Tim Morton has a brief, yet interesting, post up on ethnographers problematizing climate change. I found the comments particularly interesting. Jerome Whitington, to whom Morton is responding, writes:

All of climate science is organized around a problem of anticipating an uncertain future. Hence it plays into the quasi-apocalyptic fears …

I actually wrote a post along these lines a couple years ago. There I was intent on analyzing the prevalence of apocalyptic discourse in the contemporary American social imaginary. Whitington’s remark is too brief to be sure, but he seems to be suggesting that worries about climate change are yet another variation of apocalyptic fantasies. This would be a way of reducing climate change to a phantasmatic entity.

My view is rather different. While I readily recognize that discussions of climate change have an apocalyptic dimension, I think Whitington– if I’m reading him right –draws the wrong lesson from this. In my view, we should read the theme of apocalypticism in popular culture psychoanalytically as a symptom. Here I am thinking specifically of religious apocalyptic fantasies, as well as the sort of apocalyptic fantasies we see in various disaster films.

Recall that a symptom is often a compromise formation. While we do indeed suffer from our symptoms, with a psychoanalytic framework, symptoms are a solution to a deadlock of desire that allows the subject to attain jouissance under the mark of erasure. Symptoms speak a truth, but in disguised form. Thus, for example, in his analysis of jokes, Freud shows how the joke allows the person to enjoy a repressed desire in a socially acceptable form. The desire here is the truth, while the joke is the symptom (or, at the very least, the parapraxis). As solutions to deadlocks of desire and jouissance, symptoms can often be compromise formations. In this context, Freud often gives the example of obsessive hand washing. Obsessive hand washing here is conceived as a compromise between the unconscious desire to masturbate and the social prohibition against masturbation coupled with the imperative of cleanliness. Obsessive hand washing becomes a substitute satisfaction that brings all of these elements together in a single activity. This is, in part, what Freud means by overdetermination.

The first question, then, is what truth apocalyptic fantasies might express? Rather than treating the apocalyptic as grounds for dismissing something, we should instead ask what truths these fantasies are speaking in a disguised fashion. Second, we should ask what compromises are being forged in these apocalyptic fantasies? When Freud speaks of fetishes and screen-memories– other forms symptoms can take –he discusses them as ways of averting recollection or confrontation with something traumatic. For example, Freud discusses a screen-memory in a patient who intensely remembered the print of his mother’s dress. He speculates that the reason the free association or recollection stops at this particular memory is that the next thing the person saw was what was under the dress, thereby confronting castration. The fetish, Freud argues, functions in a similar way. Unable to confront castration, the fetishist through displacement or metonymy instead transforms another object such as shoes, stockings, dresses, undies, etc., into the object of sexual desire.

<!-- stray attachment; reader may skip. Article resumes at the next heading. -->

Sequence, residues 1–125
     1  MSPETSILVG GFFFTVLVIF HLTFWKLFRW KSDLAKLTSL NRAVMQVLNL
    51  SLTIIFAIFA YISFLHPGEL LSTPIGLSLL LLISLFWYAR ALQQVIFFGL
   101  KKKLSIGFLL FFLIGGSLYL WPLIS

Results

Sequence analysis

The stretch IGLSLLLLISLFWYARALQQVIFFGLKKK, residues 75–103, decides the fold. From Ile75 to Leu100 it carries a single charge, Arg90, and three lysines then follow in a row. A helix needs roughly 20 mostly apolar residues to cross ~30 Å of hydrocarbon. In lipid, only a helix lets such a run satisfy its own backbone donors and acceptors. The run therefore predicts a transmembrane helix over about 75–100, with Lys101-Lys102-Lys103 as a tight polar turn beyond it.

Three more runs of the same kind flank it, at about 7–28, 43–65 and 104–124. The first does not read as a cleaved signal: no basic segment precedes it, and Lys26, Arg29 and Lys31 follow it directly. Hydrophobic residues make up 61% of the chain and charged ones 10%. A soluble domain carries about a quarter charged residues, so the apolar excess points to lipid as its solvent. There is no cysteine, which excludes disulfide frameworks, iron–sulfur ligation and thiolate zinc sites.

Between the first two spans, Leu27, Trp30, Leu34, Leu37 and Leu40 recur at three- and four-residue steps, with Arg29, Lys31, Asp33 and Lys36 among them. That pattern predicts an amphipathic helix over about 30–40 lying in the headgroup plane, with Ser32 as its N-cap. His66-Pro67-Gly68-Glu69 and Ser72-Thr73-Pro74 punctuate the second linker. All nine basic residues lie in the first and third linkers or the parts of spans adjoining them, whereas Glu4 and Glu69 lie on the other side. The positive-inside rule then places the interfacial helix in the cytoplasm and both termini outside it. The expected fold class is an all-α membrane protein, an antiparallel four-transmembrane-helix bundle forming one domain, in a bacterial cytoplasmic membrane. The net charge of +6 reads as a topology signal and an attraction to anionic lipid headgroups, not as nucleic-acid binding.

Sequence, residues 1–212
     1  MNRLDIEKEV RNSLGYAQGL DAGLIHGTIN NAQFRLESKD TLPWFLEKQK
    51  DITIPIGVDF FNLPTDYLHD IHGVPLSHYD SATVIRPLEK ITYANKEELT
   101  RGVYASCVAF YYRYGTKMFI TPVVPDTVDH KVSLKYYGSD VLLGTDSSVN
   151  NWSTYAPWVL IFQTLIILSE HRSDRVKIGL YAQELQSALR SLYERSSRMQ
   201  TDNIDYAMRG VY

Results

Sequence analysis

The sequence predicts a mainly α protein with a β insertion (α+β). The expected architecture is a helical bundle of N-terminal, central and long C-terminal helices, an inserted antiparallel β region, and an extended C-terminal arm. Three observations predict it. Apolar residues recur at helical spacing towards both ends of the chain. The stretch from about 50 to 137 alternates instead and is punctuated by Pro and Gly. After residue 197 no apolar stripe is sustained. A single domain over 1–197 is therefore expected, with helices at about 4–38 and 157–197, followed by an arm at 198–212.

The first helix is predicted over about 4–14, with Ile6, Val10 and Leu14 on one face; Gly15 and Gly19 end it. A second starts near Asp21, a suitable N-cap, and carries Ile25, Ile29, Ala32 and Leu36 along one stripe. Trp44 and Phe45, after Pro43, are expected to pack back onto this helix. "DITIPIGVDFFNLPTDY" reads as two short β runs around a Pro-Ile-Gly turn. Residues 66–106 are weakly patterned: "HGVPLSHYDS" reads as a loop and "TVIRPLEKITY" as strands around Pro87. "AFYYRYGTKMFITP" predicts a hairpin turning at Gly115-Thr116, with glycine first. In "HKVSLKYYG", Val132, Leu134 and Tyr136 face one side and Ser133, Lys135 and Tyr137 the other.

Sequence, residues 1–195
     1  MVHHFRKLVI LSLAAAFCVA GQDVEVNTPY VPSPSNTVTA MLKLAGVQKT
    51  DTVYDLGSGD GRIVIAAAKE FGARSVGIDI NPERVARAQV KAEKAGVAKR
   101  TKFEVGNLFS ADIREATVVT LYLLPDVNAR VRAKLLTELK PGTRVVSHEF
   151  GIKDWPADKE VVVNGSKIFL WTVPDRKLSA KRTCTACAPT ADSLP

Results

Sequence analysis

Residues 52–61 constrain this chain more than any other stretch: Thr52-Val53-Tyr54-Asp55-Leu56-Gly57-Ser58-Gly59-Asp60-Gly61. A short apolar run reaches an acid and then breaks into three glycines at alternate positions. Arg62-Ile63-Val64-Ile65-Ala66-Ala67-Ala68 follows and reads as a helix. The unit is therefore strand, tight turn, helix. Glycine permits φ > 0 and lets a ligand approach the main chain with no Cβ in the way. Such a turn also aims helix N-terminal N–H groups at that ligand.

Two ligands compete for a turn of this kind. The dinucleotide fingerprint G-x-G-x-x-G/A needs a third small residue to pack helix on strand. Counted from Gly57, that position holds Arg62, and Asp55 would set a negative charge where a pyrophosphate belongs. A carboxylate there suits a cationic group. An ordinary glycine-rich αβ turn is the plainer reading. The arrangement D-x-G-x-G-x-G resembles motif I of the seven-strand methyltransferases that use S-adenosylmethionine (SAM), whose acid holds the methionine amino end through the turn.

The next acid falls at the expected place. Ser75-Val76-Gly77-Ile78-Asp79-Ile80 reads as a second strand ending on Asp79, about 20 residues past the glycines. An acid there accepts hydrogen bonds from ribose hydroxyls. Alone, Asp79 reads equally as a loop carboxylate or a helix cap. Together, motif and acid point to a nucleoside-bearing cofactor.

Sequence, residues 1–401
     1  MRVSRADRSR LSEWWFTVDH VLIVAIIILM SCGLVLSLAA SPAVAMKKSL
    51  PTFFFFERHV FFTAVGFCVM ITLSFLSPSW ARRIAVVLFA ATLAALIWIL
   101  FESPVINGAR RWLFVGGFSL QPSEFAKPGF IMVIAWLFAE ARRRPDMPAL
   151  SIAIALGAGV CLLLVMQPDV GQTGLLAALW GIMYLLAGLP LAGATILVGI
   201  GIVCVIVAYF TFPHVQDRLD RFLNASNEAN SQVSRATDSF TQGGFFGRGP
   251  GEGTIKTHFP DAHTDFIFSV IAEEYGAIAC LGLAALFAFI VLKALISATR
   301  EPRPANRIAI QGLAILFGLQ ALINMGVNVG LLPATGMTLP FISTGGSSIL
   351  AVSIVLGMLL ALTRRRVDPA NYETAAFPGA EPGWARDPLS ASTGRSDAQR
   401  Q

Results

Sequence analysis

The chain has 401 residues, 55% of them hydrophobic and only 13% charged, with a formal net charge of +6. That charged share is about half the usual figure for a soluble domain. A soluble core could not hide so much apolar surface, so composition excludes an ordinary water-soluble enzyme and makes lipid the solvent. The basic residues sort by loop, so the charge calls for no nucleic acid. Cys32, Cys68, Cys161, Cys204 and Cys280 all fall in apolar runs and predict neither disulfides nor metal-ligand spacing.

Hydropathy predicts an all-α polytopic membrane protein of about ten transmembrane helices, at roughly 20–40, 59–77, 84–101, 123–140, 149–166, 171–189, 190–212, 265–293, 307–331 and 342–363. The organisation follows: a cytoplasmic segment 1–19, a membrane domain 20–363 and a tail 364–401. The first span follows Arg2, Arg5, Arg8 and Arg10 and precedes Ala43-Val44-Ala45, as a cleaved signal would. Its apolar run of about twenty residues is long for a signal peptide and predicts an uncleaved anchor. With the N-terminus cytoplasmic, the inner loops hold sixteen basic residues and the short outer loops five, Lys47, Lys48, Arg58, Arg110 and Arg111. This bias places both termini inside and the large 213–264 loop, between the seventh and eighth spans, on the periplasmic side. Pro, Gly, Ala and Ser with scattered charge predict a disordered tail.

One can find Freud’s points about castration suspect, but the concept of screen-memories is nonetheless very useful in this context. Returning to Whitington’s point about quasi-apocalyptic fantasies, the proper gesture is not metonymical, such that we argue that worries about the impact of climate change are just one more variation in a series of apocalyptic fantasies. Rather, the proper gesture lies arguing that the sorts of apocalyptic fantasies we encounter in religion and popular culture are metonymical displacements or screens of real (intended as a homonym) catastrophe’s that are facing us.

Take your average End of Times apocalyptic fantasy, so popular among variants of Christianity in the United States today. These fantasies refer to a real, but in disguised, screened, or fetishized form. There is a truth in these fantasies, without a knowledge of this truth (recall that for Lacan, knowledge is in the position of the unconscious). The truth of these fantasies is that we really are facing global catastrophe. Knowledge of this truth would entail seeing how this global catastrophe is deeply linked to capitalism, climate change, and the link between the two. Instead, within the popular imaginary, we get a distortion of this link, presenting impending catastrophe as the result of cosmic supernatural forces fighting a battle between good and evil.

The question, then, is why this knowledge must disguise itself in this way. The answer to this question, I believe, is the same as the answer to the question of why the obsessional repeatedly washes his hands, but now in inverted form. Apocalyptic fantasies allow those that harbor them to simultaneously acknowledge the truth of the ravages of capitalism and impending environmental disaster, while simultaneously continuing to live as they wish, keeping the system in place that is leading in these directions. Safe in the imaginary “knowledge” that catastrophe is the result of divine will, I go and buy a Hum-V and McMansion. However, the fact that these fantasies have intensified in recent years– and could the fact that much of this imaginary revolves around the Middle East, ground zero of fossil fuels, be any more telling? –indicates a growing awareness of the real and its omnipresence in our current situation.

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